The school board in the suburb of Highland Park called a special meeting on Thursday to consider proposals for improved safety, with students days away from returning to class.
Highland Park has been under the microscope since the 4th of July, when a gunman killed seven people and injured dozens more during the town’s 4th of July parade.
On Thursday evening, parents spoke out passionately in favor of security policy reforms in the wake of the shooting.
“If something were to happen in the foreseeable future and we didn’t do anything, we would have to live with those regrets,” parent Tom Wachtel told the council.
The meeting was part of a reassessment of North Shore School District 112 safety policies, with officials gathering public feedback and suggestions from parents while seeking expert advice ahead of the new school year.
“We take all ideas very seriously and all suggestions are being considered,” the superintendent said. says Michael Lubelfeld. “We’re also working with a national security expert, and we’re managing those ideas through that group as well.”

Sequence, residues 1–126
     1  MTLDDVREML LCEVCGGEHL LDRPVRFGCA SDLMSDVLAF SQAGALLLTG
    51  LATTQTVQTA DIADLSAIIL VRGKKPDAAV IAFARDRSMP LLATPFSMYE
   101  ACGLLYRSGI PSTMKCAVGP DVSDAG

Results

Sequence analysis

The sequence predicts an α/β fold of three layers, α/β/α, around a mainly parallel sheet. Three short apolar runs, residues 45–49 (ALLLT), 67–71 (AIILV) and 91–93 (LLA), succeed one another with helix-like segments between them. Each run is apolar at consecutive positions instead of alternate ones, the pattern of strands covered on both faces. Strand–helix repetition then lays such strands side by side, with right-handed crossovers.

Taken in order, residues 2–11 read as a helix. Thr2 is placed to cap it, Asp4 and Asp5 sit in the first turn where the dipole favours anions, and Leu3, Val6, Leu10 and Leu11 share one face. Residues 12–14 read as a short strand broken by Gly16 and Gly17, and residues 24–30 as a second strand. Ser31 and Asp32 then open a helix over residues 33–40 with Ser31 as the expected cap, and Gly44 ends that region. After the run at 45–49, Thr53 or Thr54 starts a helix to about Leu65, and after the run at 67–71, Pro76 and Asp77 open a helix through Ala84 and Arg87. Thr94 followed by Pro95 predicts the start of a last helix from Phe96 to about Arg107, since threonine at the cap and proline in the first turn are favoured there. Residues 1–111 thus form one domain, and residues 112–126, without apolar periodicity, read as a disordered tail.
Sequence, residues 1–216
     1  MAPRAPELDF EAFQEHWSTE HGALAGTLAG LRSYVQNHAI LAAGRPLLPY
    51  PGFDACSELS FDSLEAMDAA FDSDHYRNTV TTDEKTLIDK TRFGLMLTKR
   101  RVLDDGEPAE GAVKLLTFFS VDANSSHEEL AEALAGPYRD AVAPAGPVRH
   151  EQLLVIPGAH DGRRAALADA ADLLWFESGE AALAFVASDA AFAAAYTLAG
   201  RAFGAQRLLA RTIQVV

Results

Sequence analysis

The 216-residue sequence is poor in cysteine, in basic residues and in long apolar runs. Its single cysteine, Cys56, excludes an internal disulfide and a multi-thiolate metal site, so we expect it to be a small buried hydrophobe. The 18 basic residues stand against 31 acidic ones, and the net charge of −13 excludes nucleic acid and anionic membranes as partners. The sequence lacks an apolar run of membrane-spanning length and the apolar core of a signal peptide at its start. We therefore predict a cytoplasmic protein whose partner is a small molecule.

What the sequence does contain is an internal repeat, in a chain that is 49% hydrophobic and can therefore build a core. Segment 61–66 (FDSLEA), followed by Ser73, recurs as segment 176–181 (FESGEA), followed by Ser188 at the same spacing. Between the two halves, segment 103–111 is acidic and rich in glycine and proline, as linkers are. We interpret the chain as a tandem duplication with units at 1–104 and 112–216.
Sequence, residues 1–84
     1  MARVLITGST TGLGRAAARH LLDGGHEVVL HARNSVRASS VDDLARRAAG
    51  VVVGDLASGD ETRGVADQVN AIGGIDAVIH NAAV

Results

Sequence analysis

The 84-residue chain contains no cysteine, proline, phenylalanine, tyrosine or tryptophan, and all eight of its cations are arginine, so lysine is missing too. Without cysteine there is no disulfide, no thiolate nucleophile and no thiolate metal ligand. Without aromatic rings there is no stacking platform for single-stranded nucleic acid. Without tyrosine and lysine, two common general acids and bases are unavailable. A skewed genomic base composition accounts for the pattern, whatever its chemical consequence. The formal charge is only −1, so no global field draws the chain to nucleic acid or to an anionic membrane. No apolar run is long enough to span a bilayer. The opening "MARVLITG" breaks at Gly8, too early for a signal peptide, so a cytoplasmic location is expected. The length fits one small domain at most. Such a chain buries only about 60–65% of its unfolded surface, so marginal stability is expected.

Ashbey Beasley echoed the concerns of many parents who spoke at the meeting, saying her 6-year-old son hadn’t been the same since the horrific shooting.
“After our town experienced a mass shooting and my son and I survived, I just knew this year we had to do something,” she said.
Beasley wrote a proposal for the council, calling for a ban on visitors bringing bags into the school.
“If you take away bags, you take away a lot of the threat, a lot of the worry,” she said.
The school board took public comment on Thursday evening and then resumed the meeting behind closed doors, promising to keep parents’ fears and suggestions in mind as they chart their course.
Parents appreciated the opportunity to provide input and hope they will continue to participate in the discussion.
“We need to be informed and kept up to date,” said Carlos Perez. ” Its very important for us. You are the administrators, but it is the lives of our children that will be in your hands.